Monday, September 27, 2010

Choosing a Vet

Maisy just adored the old vet clinic. So did I.

I received some devastating news last week: my beloved vet clinic is permanently closing on Friday. I spent the first 12 hours panicking and calling and emailing everyone I know (including several local yahoogroups), looking for a vet referral. The next 12 hours were spent googling like crazy, doing a cursory review of the clinics I’d received feedback about. I reluctantly ruled a few out due to location, and in the end, narrowed down the feedback to three clinics that look promising.

I’m now in the process of touring these clinics, an undertaking which is both fascinating and overwhelming. It’s required me to think about my priorities, both in terms of what I need from a vet, and what I simply want. I then took those priorities and came up with a list of questions to ask prospective vet clinics. As a side note, I found Speaking for Spot by Dr. Nancy Kay very helpful; there is a chapter on touring vet clinics, and supplied a few additional questions. Today, I thought I’d share what the process has been like so far.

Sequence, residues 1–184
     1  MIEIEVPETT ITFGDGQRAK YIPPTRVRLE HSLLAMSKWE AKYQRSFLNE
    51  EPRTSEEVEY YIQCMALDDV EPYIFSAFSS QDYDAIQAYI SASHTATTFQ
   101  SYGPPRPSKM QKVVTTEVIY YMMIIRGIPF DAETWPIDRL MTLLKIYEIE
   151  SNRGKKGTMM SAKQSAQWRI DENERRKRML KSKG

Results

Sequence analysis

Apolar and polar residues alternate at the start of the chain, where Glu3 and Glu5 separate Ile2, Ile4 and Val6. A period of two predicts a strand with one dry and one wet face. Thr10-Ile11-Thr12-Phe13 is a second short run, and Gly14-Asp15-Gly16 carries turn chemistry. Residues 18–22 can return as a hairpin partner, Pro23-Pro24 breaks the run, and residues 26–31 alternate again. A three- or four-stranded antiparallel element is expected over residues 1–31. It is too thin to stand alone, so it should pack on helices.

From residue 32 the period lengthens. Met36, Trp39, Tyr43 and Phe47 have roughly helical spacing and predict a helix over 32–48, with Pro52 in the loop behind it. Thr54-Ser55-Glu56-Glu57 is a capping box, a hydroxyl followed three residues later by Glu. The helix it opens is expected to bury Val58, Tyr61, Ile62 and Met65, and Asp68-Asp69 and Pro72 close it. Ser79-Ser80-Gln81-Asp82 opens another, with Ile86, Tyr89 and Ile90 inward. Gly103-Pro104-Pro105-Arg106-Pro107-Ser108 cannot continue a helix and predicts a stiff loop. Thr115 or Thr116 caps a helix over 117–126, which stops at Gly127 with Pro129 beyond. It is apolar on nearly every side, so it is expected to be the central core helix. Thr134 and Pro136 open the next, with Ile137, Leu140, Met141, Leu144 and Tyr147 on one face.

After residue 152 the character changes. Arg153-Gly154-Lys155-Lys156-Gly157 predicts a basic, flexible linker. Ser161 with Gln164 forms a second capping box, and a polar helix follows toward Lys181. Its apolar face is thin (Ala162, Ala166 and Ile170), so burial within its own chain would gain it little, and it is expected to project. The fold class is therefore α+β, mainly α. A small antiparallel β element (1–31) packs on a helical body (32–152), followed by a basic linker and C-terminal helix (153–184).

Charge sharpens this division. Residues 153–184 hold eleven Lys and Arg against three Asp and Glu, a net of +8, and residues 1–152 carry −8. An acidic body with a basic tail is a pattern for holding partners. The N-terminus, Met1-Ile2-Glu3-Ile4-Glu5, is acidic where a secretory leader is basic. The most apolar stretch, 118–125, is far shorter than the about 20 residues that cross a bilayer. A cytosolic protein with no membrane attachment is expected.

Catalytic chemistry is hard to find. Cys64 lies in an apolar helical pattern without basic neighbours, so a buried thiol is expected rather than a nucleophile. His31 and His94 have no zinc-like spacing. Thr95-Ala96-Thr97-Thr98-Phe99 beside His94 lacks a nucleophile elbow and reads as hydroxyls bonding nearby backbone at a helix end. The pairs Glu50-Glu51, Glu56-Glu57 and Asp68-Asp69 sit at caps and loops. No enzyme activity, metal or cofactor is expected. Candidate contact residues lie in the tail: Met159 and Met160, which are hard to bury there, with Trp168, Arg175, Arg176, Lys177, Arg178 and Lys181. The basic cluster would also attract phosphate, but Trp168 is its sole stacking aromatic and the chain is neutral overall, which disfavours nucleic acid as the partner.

I started by making a free-form list of things that are important to me in a vet clinic. I didn’t try to organize them or rank them in order of importance, I just wrote everything down. Once I’d exhausted my brain, I labeled each item as either a “must have” or “would like to have.” In case anyone is interested, my “need” list includes: being good with fearful/anxious dogs; having a clinic-wide dedication to low-stress handling; being exceedingly patient with drama queen dogs and their paranoid owners (I’m being honestly, okay?); and accepting both dogs and cats. The “want” list includes: a clinic that uses a blend of western and holistic approaches, which I define as taking a minimal approach to vaccines, being willing to use titers (especially for rabies), being open to a raw food diet, but also being willing to use antibiotics, flea and tick preventative, and heartworm medication as needed; a clinic that will be available for urgent visits; a clinic knowledgeable in behavior, and especially positive reinforcement training; and a clinic that’s conveniently located.